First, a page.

Gauges traceable to the National Institute of Standards and Technology (NIST) were used to validate the shape measurement capabilities of the methods presented in this paper. We then applied these methods to measure the shape of human TMs and compare the measurement results obtained by the three methods, including illumination density, image acquisition speed, optical phase quality, resolution, processing time, temporal phase unwrapping compatibility, and the need for triangulation volume.

      To verify the accuracy of the displacement measurement, a latex drum head subjected to an impulsive sound stimulus was simultaneously measured by the High-speed Digital Holographic system (HDH) and a Laser Doppler Vibrometer (LDV). The acoustically induced displacements of a human TM measured with HDH are presented in the results section to demonstrate the capability of the HDH system.

    • A tunable laser can be used to change the magnitude of the sensitivity vector by changing the wavelength of the laser source, as described in29. The optical phase difference $ \left(\Delta \phi \right) $ of a holographic measurement of an object with two different wavelengths results in

      $$ \Delta \phi ={\boldsymbol{d}}\cdot {{\boldsymbol{e}}}_{2}-{\boldsymbol{d}}\cdot {{\boldsymbol{e}}}_{1}={\boldsymbol{d}}\cdot \left[\frac{2\pi }{{\lambda }_{2}}\left({\boldsymbol{b}}-{\boldsymbol{s}}\right)-\frac{2\pi }{{\lambda }_{1}}\left({\boldsymbol{b}}-{\boldsymbol{s}}\right)\right] $$ (4)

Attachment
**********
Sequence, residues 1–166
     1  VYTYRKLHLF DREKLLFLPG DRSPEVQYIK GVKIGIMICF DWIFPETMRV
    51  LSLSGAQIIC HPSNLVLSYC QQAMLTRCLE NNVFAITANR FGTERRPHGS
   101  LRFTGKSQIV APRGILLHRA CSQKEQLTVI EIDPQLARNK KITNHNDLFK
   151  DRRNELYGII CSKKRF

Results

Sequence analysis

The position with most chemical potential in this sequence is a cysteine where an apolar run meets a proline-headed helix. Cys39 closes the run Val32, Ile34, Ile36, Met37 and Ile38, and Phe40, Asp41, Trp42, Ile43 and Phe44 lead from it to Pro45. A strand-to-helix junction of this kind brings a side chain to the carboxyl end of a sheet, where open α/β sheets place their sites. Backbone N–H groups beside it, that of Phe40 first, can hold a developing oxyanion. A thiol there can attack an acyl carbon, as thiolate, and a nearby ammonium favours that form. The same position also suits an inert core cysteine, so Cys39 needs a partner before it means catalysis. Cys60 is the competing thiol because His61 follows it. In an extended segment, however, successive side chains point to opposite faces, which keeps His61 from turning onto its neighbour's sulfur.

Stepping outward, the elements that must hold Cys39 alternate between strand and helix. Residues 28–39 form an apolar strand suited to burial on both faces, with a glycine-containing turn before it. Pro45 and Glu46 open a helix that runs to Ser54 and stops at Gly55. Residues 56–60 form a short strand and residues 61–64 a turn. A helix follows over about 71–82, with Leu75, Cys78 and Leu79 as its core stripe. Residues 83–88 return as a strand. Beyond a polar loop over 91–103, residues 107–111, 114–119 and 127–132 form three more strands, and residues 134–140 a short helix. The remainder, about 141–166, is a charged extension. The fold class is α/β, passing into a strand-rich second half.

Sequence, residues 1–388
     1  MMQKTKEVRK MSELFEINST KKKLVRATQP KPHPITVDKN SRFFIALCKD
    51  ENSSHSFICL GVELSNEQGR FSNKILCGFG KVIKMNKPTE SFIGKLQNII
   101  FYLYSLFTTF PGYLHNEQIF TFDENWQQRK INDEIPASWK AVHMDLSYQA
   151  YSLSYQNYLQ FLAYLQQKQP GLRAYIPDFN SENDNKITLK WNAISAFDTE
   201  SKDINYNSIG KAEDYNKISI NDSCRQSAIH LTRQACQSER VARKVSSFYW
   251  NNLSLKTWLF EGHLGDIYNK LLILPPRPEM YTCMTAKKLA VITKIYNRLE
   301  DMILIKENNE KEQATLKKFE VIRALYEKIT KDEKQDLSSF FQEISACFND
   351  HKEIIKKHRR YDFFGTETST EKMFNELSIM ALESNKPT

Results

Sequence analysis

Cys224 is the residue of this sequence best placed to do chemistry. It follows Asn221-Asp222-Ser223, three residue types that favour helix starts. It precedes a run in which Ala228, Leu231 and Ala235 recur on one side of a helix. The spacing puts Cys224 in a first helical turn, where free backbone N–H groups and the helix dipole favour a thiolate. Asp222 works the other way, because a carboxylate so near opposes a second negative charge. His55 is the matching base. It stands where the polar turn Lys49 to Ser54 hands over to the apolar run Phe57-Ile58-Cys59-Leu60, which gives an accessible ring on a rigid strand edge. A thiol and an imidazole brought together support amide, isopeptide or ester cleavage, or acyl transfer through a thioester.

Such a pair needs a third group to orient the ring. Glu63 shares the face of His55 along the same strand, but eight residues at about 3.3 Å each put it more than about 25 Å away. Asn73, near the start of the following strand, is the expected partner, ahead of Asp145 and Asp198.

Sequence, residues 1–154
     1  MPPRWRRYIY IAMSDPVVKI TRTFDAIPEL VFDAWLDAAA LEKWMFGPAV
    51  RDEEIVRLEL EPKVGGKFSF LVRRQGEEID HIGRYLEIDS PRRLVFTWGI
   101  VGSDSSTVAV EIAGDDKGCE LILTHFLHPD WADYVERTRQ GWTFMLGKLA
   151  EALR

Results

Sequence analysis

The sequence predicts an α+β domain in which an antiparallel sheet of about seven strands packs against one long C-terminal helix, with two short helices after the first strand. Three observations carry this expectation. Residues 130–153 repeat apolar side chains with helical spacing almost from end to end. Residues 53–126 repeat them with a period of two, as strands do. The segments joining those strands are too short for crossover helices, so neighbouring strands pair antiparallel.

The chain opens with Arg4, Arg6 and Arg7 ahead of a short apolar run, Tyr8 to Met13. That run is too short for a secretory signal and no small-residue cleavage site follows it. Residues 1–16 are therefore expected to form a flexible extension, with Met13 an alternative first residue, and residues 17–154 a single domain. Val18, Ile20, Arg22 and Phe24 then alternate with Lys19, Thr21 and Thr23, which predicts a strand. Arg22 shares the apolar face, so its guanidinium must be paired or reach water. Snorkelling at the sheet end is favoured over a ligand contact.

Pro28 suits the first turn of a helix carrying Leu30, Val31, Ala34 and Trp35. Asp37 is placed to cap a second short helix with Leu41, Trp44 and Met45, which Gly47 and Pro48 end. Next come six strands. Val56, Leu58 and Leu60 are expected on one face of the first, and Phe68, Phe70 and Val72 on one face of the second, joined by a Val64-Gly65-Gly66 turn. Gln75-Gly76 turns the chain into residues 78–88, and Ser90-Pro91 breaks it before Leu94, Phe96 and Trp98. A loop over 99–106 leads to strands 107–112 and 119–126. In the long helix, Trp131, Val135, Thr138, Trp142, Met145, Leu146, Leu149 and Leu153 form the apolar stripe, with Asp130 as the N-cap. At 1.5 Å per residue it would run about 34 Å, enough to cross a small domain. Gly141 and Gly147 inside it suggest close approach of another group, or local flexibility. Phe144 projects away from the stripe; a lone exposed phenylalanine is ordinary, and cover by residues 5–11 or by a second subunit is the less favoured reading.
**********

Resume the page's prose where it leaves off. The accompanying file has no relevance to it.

In Eq. 4, the optical phase ($ \Delta \phi $) is the difference measured from the interference pattern captured by the camera. The wavelengths $ {\lambda }_{1} $ and $ {\lambda }_{2} $ are known experimental parameters for the tunable laser, and b and s are the observation and illumination vectors, respectively, which can be measured directly or obtained by calibration. The optical path difference vector d can be solved to extract shape information. In the simplified 2D case shown in Fig. 9a, P is a random point on the subject, B is the observation point, and S is the illumination point. In this case, the amplitude of the optical path difference vector d can be expressed as:

      Fig. 9  2D Holographic schematic for shape measurements: a multi-wavelength experimental setup; b multi-angle wavelength experimental setup. The observation unit vectors are $ {\boldsymbol{P}}{\boldsymbol{B}} $ and the illumination vectors are $ {\boldsymbol{S}}{\boldsymbol{P}} $ for the two methods. $ {S}_{1} $ and $ {S}_{2} $ are the illumination points before and after changing the illumination angle in the multi-angle method.